Even in the dead of winter, the products of our labor were good. From the freezer we could choose broccoli or cauliflower, peas or beans or corn, anytime we pleased. In spring, we often had them all together in orgies of vegetable soups meant to clear the freezer for the next round. Though certainly we were well-fed, and spiritually content at living from our own labors, the broccoli, peas, beans, cauliflower, and corn came to have a certain sameness about them, a predictable ready-on-demand sort of quality that robbed us of much of the joy of them. The seasons were all flattened out, and one sitting to the table came to seem just like another.
Joe Eck & Wayne Winterrowd in Living Seasonally: The Kitchen Garden and the Table at North Hill
I’ve talked about learning to live seasonally many times before. This time of the year it becomes increasingly difficult. As I sow the seeds for broccoli, cauliflower, peppers and tomatoes, my mind turns to freshly picked summer vegetables once again.
The beauty of learning to eat seasonally, however, is that you learn about so many new and interesting things you can eat. In my journey to eat more seasonally I’ve discovered things like: sprouting broccoli, mache, endive, parsnip, bok choi, and so many more. Meals are so much more interesting when you’re not eating the same thing over and over again.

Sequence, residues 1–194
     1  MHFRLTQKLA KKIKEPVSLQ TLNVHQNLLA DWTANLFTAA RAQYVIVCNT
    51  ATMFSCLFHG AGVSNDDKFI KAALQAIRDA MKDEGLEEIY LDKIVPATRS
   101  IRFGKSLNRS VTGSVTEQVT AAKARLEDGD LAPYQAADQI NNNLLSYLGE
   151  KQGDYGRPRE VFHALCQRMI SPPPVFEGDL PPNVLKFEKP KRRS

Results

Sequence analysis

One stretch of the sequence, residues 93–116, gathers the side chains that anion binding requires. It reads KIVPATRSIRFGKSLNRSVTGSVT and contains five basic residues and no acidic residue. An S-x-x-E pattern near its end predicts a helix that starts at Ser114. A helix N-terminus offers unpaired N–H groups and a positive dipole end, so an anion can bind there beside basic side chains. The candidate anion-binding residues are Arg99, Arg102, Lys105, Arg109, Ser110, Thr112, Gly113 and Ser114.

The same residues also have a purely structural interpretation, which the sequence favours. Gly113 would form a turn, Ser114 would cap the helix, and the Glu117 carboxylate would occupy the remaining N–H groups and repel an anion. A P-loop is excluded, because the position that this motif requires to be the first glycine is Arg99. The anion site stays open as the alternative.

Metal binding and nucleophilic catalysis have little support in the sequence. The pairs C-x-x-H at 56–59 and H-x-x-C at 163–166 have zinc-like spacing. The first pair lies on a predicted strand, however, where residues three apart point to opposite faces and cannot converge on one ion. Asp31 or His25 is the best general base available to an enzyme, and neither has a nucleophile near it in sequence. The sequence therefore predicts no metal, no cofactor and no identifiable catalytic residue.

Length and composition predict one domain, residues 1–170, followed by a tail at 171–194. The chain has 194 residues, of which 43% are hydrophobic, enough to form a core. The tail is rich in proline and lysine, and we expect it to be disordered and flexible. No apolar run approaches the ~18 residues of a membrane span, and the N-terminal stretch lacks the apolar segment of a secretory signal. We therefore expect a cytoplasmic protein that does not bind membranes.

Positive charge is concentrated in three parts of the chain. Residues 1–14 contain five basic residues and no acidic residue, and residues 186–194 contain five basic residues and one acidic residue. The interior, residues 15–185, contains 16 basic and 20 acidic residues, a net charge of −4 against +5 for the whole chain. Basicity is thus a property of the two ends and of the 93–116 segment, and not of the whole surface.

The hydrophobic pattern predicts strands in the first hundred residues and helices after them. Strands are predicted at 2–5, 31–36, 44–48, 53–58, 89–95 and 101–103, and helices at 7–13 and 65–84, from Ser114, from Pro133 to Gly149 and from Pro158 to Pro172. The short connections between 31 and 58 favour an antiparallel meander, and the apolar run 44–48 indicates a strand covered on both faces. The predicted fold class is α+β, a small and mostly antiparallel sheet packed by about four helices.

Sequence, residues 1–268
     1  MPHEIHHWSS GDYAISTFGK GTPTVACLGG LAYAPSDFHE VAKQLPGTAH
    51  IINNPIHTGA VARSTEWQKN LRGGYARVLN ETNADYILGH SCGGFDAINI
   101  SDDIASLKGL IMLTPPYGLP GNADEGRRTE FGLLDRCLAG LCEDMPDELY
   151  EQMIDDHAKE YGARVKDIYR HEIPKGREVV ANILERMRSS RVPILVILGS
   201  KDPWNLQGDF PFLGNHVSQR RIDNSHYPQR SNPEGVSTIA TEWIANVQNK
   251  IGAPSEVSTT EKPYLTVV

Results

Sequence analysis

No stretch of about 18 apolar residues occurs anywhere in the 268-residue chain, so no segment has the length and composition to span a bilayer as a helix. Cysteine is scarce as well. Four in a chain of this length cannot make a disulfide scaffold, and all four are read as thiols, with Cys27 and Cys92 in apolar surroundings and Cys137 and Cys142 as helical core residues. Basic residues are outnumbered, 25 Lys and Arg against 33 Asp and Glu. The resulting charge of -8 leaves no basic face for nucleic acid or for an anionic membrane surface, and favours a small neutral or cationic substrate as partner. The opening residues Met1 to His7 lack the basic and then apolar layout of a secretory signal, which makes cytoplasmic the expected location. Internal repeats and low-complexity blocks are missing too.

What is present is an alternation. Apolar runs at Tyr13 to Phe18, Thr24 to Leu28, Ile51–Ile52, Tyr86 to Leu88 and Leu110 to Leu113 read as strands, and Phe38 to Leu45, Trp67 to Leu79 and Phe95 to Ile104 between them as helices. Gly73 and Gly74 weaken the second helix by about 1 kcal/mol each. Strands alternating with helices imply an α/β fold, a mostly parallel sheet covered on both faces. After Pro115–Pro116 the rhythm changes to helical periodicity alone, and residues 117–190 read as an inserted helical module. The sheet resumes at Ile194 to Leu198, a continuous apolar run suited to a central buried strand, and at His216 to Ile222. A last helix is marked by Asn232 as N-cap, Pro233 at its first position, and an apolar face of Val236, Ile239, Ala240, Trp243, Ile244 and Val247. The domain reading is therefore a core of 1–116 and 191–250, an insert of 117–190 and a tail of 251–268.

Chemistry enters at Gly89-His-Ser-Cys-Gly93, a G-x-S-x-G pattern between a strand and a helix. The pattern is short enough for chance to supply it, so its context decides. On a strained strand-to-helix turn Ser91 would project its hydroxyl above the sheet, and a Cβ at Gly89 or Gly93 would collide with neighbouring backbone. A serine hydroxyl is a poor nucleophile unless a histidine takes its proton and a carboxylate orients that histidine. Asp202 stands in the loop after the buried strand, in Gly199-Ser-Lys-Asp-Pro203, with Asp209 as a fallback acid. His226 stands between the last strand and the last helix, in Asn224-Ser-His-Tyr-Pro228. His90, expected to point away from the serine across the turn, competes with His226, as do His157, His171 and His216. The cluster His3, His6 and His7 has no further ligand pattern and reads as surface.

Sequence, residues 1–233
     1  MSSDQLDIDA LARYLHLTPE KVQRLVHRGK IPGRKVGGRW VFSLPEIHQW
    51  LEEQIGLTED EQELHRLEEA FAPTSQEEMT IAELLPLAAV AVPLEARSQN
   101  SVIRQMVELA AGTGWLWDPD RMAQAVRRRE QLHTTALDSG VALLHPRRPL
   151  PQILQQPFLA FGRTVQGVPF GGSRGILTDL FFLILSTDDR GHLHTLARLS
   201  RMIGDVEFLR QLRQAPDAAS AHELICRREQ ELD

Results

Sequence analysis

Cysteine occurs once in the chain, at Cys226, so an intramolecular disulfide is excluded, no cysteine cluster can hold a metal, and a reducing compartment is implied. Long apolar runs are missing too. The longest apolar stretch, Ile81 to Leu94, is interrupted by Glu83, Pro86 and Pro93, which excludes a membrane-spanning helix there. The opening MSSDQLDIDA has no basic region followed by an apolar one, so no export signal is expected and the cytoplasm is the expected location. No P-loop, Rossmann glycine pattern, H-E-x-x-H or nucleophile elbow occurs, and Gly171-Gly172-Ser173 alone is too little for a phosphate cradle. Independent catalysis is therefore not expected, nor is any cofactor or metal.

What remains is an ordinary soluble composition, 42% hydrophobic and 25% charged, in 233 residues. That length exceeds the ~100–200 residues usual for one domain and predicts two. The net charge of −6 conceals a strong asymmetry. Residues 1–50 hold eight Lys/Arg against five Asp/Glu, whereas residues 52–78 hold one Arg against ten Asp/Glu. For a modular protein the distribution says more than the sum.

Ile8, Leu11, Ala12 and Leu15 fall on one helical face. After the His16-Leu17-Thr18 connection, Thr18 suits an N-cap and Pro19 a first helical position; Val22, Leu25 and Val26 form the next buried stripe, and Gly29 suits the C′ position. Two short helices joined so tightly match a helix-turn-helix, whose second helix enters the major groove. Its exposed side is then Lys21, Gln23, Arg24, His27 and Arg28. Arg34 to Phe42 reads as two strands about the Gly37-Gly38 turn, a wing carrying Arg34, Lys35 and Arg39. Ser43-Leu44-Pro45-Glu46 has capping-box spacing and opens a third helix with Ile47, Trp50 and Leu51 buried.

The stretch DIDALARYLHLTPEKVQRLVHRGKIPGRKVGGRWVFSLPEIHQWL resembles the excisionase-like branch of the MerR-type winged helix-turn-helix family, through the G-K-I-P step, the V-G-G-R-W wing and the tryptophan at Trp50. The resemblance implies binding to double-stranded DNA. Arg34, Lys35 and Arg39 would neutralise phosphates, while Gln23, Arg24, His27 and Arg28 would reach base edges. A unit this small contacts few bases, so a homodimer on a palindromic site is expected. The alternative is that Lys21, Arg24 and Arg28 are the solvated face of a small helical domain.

The majority of the vegetable consumed each week here at Chiot’s Run are root vegetables that have been stored in the cellar. There is always sauerkraut in the fridge as well. Even though I love carrots, celeriac, rutabaga and sweet potatoes, my stomach has moved on to freshly plucked produce.
I still freeze a few small containers of peas for winter soups and I can some crushes tomatoes for sauces as well. Other than that, there is not much preservation going on in my kitchen any more. Each year our diet becomes more and more diverse thanks to our efforts to live seasonally. Next year at this time, I will be harvesting chard and spinach from my greenhouse, which will fill the gap between winter and spring quite nicely and give us a little bit of a break from all those root vegetables!
If you could only choose one vegetable or fruit to preserve each year, which would it be?Filed under Miscellaneous | Comments (15)